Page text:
Papa Cantella’s Dodger Dogs are now available in major grocery stores.

Papa Cantella’s Dodger Dogs are now available in major grocery stores.

Dodger Dogs are back in the grocery stores, but the packaging looks slightly different. Instead of carrying the Farmer John logo, another local company’s name is gracing the six- and 24-packs of the stadium favorite.
 
Vernon-based Papa Cantella’s Inc. took over the contract to supply the Chavez Ravine venue and major grocers in May after the Dodgers decided not extend a longstanding deal with Farmer John’s parent, Virginia-based Smithfield Foods Inc.
“We are excited to help fans feel like they’re at Dodger Stadium all summer long with retail packs of Dodger Dog,” President Tony Cantella said in a statement. “Dodger Dogs have been a Los Angeles staple for decades, and now people can get that quality and nostalgic flavor on their own grills this summer.”


Dodger fans consumed 2.7 million hot dogs at the stadium in 2019, according to the National Hot Dog and Sausage Council in Washington, D.C.

 
Thomas Arthur, Dodger Stadium’s first concessions manager, is credited with launching the 10-inch, all-pork wiener in 1962.

 
The popular snack, often served either grilled or steamed, was made by Morrell meat company at the outset. Clougherty Packing, doing business as Farmer John, took over production in 1972. New Mexico-based Hormel Foods Corp. acquired the meat processor in 2004 and sold it to Smithfield for $145 million in 2017.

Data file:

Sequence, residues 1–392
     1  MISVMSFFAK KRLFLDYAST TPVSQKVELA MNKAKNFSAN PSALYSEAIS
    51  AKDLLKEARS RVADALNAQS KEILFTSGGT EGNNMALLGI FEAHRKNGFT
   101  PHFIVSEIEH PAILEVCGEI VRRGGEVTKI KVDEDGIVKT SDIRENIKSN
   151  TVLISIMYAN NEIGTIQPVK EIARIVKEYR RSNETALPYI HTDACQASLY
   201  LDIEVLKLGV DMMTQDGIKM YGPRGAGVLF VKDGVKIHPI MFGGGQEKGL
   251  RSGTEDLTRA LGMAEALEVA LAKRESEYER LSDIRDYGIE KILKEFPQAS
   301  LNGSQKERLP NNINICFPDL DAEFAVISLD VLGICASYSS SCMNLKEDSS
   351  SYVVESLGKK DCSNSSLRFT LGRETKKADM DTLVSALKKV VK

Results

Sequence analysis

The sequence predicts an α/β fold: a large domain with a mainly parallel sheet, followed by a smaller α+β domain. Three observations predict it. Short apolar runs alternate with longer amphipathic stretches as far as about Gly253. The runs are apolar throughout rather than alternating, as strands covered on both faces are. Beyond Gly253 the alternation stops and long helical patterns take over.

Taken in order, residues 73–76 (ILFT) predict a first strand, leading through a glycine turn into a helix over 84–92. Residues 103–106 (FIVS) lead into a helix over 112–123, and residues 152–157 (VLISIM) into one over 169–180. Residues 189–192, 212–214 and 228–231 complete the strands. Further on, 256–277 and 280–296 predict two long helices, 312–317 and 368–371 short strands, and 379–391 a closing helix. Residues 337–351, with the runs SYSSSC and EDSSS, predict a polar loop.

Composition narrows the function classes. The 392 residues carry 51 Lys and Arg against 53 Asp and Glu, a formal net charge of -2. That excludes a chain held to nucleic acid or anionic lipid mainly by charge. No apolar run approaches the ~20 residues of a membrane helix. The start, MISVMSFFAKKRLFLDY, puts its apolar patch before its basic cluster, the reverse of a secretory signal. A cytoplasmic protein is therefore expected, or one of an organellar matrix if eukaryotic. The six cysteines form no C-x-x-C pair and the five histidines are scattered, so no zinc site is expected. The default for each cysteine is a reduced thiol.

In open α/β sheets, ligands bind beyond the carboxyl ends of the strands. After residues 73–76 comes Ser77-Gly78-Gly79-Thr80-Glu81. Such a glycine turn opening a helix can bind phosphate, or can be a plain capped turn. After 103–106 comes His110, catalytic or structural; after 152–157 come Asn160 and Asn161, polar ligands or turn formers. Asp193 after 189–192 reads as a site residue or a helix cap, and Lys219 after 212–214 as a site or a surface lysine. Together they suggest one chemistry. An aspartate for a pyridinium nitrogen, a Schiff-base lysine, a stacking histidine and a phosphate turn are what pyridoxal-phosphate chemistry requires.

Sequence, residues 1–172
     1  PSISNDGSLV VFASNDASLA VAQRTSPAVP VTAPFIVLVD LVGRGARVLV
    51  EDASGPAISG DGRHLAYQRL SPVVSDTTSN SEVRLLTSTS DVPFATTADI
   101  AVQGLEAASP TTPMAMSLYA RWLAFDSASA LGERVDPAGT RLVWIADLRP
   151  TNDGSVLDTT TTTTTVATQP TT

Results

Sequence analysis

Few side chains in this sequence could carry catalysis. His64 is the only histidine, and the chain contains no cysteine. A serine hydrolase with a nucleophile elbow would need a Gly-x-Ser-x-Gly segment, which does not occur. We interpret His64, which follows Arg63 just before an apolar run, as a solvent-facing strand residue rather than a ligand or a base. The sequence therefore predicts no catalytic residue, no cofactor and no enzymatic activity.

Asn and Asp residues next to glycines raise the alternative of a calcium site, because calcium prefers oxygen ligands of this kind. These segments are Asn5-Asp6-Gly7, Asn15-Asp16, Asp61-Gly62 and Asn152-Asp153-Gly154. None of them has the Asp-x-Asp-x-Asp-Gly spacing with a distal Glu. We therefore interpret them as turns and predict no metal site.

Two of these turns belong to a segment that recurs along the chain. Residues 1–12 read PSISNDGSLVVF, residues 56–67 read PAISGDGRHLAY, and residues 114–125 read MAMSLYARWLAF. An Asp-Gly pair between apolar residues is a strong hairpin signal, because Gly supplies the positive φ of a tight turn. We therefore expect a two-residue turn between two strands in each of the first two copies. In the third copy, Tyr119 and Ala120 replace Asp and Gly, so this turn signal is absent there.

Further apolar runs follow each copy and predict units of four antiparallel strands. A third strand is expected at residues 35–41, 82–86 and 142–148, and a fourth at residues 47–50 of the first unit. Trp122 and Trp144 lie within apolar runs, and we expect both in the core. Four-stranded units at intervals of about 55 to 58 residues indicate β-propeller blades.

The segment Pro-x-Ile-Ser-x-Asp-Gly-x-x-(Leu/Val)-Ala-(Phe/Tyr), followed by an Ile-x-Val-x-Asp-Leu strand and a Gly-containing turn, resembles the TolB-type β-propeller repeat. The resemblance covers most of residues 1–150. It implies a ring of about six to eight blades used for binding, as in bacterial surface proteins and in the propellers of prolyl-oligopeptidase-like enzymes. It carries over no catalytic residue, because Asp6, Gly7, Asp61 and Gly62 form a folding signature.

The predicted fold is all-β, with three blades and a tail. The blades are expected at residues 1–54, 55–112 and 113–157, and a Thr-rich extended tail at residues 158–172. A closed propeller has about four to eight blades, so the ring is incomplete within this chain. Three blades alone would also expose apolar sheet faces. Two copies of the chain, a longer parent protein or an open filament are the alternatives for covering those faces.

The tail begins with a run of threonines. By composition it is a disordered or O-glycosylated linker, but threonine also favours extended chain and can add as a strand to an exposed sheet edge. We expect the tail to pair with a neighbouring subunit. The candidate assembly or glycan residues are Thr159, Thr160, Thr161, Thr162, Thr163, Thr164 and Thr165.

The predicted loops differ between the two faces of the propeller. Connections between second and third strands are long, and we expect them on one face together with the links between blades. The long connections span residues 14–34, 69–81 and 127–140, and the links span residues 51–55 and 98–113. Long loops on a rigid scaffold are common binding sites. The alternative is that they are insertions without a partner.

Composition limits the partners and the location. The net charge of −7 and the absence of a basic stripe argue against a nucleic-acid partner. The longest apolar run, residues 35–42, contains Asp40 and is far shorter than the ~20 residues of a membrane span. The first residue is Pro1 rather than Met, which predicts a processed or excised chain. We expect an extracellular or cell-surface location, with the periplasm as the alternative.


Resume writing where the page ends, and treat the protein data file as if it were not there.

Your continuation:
Papa Cantella’s has about 200 employees and specializes in making meal kits, cooked and raw sausages, and hot dogs. Its founders, Thomas and Caryn Cantella, started the business in 1980 out of a 2,700-square-foot facility in downtown. About 12 years later, Papa Cantella moved to Vernon, making products for its in-house brand as well as under private labels for major grocery chains.


The Dodgers contract with the Dodgers was “one of those things that’s been untouchable, that you don’t even think about,” Tony Cantella told Dylan Menter, the host of the How-to Entrepreneur podcast.

 
The winning strategy involved an understanding of “how important that item and that history is” and “and recreating that experience for Dodgers and their fans,” Cantella added.

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